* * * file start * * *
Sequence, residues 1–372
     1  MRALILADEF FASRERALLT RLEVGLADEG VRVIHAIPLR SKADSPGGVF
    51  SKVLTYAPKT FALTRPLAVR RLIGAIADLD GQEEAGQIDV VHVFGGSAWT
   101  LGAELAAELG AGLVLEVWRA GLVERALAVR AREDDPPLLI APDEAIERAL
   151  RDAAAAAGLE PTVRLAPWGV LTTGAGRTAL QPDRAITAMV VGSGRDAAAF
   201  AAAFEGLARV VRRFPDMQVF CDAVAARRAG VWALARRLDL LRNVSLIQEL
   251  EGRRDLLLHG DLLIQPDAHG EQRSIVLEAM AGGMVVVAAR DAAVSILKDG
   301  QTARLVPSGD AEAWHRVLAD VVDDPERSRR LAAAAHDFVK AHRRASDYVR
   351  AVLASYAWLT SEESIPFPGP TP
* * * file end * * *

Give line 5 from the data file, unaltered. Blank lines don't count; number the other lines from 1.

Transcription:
   151  RDAAAAAGLE PTVRLAPWGV LTTGAGRTAL QPDRAITAMV VGSGRDAAAF